Fraunhofer IWS develops flexible filter system

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Researchers at Fraunhofer IWS use a multi-adsorption system to investigate the adsorption behaviour of competing gases to find suitable filter substances. (© Jürgen Jeibmann/Fraunhofer IWS)
Researchers at Fraunhofer IWS use a multi-adsorption system to investigate the adsorption behaviour of competing gases to find suitable filter substances. (© Jürgen Jeibmann/Fraunhofer IWS)

As part of a publicly funded project, the Fraunhofer Institute for Material and Beam Technology IWS in Dresden, together with partners, has developed a flexible filter which cleans the air in production rooms and effectively binds a variety of pollutants at the same time. 

Metal processing with lasers and plasma releases many different pollutants into the ambient air. The filter system from Fraunhofer IWS efficiently removes these substances and can be adapted to filter different materials and substances.

Activated carbon filter systems are often used and retain volatile organic compounds (VOCs) but substances like formaldehyde, nitrogen oxides and problematic sulphur compounds are also often released during metalworking. No system has so far been available that removes all substances from the air equally well.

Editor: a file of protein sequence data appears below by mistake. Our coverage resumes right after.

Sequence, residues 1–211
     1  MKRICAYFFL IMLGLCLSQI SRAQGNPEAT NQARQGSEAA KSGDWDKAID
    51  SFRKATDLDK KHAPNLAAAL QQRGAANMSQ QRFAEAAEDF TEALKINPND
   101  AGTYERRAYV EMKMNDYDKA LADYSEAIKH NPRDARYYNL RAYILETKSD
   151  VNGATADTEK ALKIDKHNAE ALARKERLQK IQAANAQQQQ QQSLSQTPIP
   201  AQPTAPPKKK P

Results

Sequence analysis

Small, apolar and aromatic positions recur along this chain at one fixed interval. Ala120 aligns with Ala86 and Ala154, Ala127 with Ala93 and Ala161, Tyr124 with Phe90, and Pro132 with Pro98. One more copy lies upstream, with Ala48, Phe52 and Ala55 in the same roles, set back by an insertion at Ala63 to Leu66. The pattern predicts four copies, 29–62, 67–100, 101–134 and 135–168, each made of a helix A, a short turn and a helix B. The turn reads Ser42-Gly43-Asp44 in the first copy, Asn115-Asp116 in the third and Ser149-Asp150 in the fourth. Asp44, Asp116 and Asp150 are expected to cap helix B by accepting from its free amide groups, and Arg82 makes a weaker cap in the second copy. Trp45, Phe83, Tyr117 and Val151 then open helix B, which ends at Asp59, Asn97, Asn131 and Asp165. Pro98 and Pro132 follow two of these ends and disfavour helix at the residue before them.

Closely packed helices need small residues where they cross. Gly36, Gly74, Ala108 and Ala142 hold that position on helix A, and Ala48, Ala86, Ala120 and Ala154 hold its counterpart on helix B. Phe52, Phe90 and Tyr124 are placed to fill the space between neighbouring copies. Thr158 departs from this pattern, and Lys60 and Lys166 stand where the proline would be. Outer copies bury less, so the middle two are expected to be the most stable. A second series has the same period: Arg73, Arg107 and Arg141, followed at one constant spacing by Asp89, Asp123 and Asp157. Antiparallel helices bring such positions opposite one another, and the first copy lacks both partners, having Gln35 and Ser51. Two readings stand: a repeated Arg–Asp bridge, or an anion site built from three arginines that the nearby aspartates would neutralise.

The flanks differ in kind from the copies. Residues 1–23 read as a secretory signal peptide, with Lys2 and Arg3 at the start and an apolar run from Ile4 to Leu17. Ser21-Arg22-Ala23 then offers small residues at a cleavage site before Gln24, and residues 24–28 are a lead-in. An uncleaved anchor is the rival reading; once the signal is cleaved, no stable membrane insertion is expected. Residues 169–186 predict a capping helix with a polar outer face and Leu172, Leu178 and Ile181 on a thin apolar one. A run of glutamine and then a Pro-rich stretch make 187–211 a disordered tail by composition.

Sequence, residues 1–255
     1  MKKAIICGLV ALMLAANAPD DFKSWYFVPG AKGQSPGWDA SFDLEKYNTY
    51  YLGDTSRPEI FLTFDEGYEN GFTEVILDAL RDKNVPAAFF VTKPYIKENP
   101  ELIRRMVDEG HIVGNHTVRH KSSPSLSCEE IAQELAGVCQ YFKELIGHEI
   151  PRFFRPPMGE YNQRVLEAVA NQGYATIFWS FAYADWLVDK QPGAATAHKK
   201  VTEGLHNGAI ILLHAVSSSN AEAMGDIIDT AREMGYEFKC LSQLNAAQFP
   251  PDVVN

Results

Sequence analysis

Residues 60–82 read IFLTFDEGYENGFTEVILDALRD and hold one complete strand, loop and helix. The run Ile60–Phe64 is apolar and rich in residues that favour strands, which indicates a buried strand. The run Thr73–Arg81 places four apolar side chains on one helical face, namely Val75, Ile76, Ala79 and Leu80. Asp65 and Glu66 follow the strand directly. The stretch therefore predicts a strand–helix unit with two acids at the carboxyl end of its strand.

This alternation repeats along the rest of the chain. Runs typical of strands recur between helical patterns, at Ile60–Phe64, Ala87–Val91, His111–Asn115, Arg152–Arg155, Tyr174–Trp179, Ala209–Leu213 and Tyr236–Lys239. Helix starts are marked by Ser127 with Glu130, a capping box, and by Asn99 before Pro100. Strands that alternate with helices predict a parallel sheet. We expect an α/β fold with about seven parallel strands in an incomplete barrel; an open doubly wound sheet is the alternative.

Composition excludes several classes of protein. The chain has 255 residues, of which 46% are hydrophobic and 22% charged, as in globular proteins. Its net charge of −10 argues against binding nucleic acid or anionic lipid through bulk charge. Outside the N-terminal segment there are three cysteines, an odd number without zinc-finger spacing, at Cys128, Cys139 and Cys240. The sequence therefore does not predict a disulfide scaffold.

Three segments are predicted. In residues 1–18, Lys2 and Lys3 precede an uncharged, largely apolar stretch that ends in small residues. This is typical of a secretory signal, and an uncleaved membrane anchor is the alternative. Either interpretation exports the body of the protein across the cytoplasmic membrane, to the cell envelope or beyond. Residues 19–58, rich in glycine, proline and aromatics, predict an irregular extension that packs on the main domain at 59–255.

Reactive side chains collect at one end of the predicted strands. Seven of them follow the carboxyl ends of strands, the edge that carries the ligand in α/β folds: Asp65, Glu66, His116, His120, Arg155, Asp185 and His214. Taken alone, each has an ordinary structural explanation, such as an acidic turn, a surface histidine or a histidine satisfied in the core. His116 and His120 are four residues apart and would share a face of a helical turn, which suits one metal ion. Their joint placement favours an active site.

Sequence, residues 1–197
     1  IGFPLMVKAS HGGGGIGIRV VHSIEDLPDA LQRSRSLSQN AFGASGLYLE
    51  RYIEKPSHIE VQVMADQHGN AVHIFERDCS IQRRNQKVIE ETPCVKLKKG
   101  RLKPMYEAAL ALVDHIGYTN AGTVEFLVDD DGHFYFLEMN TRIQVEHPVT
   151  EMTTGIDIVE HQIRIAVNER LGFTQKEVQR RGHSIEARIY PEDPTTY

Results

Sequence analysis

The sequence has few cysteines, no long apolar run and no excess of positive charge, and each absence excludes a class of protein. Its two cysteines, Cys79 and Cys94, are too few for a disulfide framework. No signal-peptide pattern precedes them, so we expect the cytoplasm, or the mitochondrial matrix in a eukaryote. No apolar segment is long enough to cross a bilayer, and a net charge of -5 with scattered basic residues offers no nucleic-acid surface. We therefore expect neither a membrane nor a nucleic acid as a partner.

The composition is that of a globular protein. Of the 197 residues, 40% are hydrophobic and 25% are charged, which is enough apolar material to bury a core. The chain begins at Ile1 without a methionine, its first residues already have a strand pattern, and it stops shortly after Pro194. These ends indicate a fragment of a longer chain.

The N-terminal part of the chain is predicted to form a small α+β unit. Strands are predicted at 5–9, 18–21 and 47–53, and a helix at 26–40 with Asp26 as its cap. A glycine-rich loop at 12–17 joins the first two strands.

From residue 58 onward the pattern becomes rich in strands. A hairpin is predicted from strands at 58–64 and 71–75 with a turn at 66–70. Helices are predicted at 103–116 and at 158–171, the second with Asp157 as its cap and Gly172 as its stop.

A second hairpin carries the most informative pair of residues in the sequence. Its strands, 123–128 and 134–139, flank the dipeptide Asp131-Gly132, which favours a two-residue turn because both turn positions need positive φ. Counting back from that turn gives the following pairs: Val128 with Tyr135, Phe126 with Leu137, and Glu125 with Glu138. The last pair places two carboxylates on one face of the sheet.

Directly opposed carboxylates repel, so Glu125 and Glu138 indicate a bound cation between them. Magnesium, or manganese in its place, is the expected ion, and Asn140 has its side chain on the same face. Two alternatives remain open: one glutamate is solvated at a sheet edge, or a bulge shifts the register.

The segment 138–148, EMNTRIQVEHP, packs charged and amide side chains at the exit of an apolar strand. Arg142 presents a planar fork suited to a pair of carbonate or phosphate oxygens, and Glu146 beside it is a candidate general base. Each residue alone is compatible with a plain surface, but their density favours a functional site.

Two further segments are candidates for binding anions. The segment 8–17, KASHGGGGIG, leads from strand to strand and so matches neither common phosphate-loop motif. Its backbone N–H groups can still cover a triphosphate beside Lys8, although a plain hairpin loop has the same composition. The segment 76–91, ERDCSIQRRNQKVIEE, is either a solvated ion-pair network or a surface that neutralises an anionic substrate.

The new flexible filter system consists of several exchangeable modules and each filter level contains a filter medium specifically designed to remove certain substances from the ambient air. In addition to activated carbon, the filter system also uses zeolites and porous polymers and metal organic frameworks.

The system has sensor monitoring, which automatically detects when the filter medium is saturated with substances and needs to be replaced. The status is displayed by coloured LEDs separately for each filter level and pollutant class so only the filter level that is saturated needs to be replaced.

Together with other companies, Fraunhofer IWS is also currently working on the development of a system that is specifically designed to filter out pollutants and substances that are released during additive manufacturing.